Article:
ATLANTA (AP) _ While some politicians have been quick to label welfare reform a gigantic success, a former Clinton administration official says it's too early to say everything's working.

``It's what happens to people that counts. ... We need stories about real people and what they're experiencing under this,'' said Peter Edelman, who has called the 1996 law ``the worst thing Bill Clinton has done.''

Edelman, a law professor at Georgetown University Law Center, was assistant secretary for planning and evaluation of the Health and Human Services Department. He resigned in protest after President Clinton signed the reform law.

Robert Rector, a senior analyst at the Heritage Foundation, disputed Edelman's conclusion that government's goal should be to lift families out of poverty. Rather, its goal should be to help them become self-sufficient, he said during a panel discussion Friday before the Associated Press Managing Editors association's national conference.

Citing reforms in Wisconsin and several other states, he said, ``We know how now to reduce both out-of-wedlock births and dependency. ... The bad news is that most states have very lukewarm reforms in place that really are not going to have much enduring effect.''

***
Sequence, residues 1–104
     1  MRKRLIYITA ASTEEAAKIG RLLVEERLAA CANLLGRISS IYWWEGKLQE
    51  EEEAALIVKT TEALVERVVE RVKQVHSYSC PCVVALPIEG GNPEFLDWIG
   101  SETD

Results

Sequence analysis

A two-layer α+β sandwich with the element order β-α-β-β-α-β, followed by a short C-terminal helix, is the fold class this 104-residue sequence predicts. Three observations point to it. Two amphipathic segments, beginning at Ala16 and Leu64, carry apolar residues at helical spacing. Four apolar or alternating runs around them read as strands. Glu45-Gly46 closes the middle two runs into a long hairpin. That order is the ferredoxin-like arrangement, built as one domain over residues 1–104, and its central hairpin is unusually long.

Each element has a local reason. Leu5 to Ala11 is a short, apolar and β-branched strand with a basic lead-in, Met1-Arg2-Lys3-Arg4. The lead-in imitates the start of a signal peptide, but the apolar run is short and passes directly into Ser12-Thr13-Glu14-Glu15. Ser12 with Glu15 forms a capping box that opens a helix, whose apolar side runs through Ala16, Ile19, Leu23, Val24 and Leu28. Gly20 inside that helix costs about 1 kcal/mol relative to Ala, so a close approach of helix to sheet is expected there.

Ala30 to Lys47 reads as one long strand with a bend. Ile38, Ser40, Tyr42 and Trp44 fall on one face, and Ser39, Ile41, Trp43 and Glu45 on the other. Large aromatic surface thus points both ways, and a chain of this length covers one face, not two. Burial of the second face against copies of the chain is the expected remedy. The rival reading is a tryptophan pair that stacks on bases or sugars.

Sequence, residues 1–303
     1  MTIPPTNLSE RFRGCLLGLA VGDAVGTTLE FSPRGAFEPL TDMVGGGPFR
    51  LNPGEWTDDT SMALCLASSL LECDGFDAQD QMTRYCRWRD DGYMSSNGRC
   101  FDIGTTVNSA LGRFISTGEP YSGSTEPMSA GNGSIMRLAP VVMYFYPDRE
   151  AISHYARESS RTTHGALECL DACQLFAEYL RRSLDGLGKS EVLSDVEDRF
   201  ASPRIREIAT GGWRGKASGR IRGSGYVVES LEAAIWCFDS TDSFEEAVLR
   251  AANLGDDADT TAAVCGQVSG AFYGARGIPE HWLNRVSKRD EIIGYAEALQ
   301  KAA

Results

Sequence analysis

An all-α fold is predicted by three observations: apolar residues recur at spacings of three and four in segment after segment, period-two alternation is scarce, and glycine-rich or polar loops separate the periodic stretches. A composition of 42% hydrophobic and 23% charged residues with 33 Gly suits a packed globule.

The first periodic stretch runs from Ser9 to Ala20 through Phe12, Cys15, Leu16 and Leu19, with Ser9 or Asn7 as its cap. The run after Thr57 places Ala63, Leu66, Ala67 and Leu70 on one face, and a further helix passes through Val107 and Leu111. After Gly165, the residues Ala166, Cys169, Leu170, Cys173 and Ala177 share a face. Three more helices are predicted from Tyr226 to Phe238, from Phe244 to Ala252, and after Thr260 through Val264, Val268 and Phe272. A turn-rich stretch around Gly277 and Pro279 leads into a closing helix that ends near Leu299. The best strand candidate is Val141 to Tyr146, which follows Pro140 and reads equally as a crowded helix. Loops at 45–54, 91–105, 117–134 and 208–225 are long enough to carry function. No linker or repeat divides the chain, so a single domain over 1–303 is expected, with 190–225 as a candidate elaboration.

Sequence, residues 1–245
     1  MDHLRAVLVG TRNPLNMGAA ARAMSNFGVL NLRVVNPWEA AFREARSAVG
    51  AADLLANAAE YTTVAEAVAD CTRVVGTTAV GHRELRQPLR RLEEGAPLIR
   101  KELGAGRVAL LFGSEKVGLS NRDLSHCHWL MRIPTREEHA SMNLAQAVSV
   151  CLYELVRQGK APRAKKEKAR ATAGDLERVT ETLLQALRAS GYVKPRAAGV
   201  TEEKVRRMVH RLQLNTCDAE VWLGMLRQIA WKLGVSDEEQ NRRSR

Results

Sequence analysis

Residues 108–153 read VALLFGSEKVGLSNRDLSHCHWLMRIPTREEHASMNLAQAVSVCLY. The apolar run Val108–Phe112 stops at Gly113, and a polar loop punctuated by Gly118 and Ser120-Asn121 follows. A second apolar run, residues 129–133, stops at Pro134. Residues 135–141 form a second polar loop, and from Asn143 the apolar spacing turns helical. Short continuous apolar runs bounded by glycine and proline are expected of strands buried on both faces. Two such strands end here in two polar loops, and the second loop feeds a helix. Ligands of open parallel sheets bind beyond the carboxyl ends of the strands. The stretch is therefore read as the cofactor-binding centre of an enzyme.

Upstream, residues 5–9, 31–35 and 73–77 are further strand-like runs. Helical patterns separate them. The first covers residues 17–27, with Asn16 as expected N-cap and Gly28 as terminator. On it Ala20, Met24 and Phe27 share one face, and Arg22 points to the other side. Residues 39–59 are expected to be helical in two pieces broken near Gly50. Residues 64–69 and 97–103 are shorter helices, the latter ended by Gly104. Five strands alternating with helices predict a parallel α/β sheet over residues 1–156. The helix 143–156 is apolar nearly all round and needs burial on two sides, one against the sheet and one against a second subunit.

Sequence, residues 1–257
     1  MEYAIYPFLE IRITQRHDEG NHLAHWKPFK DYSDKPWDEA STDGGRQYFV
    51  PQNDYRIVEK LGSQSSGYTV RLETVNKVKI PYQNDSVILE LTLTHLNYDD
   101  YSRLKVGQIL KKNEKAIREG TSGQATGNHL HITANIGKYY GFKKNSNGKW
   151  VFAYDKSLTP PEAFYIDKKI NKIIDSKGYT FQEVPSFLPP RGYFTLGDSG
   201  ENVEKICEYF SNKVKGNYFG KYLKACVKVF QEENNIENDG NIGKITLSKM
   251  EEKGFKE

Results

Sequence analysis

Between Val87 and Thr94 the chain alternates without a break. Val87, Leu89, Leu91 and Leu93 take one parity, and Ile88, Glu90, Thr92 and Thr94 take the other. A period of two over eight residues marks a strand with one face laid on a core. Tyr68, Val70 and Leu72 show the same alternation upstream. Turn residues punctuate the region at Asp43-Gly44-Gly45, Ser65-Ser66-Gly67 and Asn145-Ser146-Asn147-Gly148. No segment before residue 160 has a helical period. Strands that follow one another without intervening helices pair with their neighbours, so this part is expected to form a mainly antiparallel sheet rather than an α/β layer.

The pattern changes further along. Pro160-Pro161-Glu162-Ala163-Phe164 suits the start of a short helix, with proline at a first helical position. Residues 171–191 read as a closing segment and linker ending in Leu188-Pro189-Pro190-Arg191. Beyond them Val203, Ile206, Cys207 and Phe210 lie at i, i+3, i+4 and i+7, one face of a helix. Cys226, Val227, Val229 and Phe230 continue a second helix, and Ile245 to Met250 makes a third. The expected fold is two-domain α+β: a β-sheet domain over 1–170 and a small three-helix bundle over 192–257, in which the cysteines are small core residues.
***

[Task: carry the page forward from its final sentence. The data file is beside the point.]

The Wisconsin law requires welfare recipients to obtain a private sector job quickly or to perform community service if a private sector job is not available.

Later, a panel of journalists agreed that welfare confidentiality rules impede their ability to track what happens to individual welfare recipients under the reform. Participants were Joel Dresang of the Milwaukee Journal Sentinel and Allen Breed, the Associated Press correspondent in Pikeville, Ky.

APME President David Hawpe, editor and vice president of The Courier-Journal of Louisville, Ky., agreed. ``I would argue that one of the obligations we have is to attempt to find ways to pry open the files that would help us track in some way what happens to these people.''